My name is Kurt I live in Green Bay, WI.  I was riding from Sidnaw to Houghton on Saturday the 18th with a friend of mine.  I broke down approximately 8
miles south of Chassell.  We rode double and towed my machine into town.  There we determined that the engine had blown a piston and wouldn't be rideable.  A lady
named Paula O. was selling pasties to other riders in the parking lot of the gas station where we had stopped.  Upon seeing that we were in a bit of a jam she offered
us a ride back to Sidnaw where we had left our truck.  We were so grateful we bought the rest of her pasties, gave her some money to cover the gas and a little extra.  We
couldn't get over how she would just offer to take us back to our vehicle.  The distance had to be at least 100 miles round trip.  Not to mention it was snowing, getting
near dark and the roads were becoming slick.  We really owe that lady a debt of gratitude and are thankful for her kindness.  Hope to be up that your way again in the
very near future.  We are lucky to have a place to ride that is not just close, but is also very beautiful.
With that I will offer you a fond good bye and talk to you after my weekend with My Love.
Good night from the Keweenaw..
-JD-
January 20-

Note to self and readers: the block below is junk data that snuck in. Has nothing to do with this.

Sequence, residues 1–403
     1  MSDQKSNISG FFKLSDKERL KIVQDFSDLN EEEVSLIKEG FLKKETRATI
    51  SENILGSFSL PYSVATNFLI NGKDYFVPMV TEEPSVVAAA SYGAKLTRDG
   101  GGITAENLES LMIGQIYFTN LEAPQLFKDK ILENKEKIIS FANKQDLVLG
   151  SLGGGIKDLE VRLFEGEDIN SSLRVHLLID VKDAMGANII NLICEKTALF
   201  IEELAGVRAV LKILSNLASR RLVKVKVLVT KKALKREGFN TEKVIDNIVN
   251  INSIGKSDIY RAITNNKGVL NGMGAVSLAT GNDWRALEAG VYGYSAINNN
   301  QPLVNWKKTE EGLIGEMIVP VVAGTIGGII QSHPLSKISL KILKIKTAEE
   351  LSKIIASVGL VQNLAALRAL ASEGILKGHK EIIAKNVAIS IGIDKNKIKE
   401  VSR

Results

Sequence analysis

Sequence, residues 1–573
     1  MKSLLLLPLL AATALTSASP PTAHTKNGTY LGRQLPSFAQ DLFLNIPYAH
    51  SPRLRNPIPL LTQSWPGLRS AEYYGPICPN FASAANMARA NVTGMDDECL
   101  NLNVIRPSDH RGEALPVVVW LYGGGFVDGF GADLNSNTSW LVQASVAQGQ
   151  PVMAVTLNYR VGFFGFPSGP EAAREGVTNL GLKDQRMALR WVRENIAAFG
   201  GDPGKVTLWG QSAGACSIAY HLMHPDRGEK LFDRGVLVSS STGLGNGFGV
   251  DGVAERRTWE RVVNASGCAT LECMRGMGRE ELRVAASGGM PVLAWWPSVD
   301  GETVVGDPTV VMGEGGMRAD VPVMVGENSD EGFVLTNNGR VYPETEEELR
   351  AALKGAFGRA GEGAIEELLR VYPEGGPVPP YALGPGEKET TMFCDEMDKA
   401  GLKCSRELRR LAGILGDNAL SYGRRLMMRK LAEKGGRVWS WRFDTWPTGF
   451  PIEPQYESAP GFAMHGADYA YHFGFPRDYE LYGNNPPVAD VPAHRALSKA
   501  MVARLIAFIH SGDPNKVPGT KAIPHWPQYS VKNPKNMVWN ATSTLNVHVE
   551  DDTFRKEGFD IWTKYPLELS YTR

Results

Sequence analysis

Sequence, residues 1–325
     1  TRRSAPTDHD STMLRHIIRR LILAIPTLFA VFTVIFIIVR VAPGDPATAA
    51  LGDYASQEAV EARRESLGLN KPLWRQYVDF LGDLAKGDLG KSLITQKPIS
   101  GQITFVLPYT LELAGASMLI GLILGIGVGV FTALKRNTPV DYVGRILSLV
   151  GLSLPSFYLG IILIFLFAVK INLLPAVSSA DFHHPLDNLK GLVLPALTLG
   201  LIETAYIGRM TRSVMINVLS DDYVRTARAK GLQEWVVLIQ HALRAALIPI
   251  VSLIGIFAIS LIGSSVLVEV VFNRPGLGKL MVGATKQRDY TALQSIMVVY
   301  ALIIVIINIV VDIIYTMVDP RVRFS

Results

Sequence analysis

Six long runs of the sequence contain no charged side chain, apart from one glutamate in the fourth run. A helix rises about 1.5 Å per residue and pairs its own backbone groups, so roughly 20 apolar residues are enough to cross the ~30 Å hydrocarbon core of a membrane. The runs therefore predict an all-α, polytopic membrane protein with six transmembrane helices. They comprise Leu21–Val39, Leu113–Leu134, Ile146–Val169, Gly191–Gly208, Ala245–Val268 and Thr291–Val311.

I have decided that I either need way more time in the day or to figure out a way to function without any sleep.  As I sat down to my computer this afternoon, I went to my e mail and there were 28 new messages waiting for me.  Those 28 were on top of the 10 or so that I could not get to at midday.  Many were e mails thanking me for the work I do on the site, some were ask john notices and I think three were spam or junk mail.  I still have all the ask johns to do, but I figured you all would rather get a journal tonight rather than me answer the ask johns.  Maybe I can just create a new discussion group and no one will notice that I did not answer the questions sitting out there right now!  Ha, Ha.  Just kidding.  I can't even believe that I actually had the day off from my weather forecasting duties for the commodity businesses, it seems like I was just swamped all day.  I did have to do my usual radio stuff and actually, it was a little more than the usual, as they were doing a live remote and wanted me to be there for part of the time too.  It was at Mc Donald's, so at least I got a free breakfast out of it!   Plus I did get to do some playing this afternoon, so that is another reason why I have so much on my plate this evening.  And I am not complaining about all I have to do, it is my bed, I made it, so I will sleep in it.  Although I have been toying with the idea of suspending the ask john for a week or so, just to get a break.  Every time I get ready to do it, things quiet down a bit, then I have days like today, where they just come in like ants to a picnic.  I guess the one good thing about being so busy is time is flying by.  Another day closer to being able to see Nora (this Friday!) and another day closer to her moving up here for good!  Speaking of Nora, she has been a gem at accommodating all my doings with this site.  Many a time she has called and I was in the middle of a journal and she was gracious enough to let me finish and called me back in an hour or so.  I have even answered some e mails or ask johns while she was on the phone.  She just waited for me to finish and listened to my fingers peck away at the keyboard.  Who knows, maybe after she moves up here I can put her to work manning the KSE reservation line or the e mail responding job or even some of the ask johns that are not weather related!  She is probably reading this and rolling her eyes, double thinking if she should really move up and get sucked into this "John Dee.com" thing.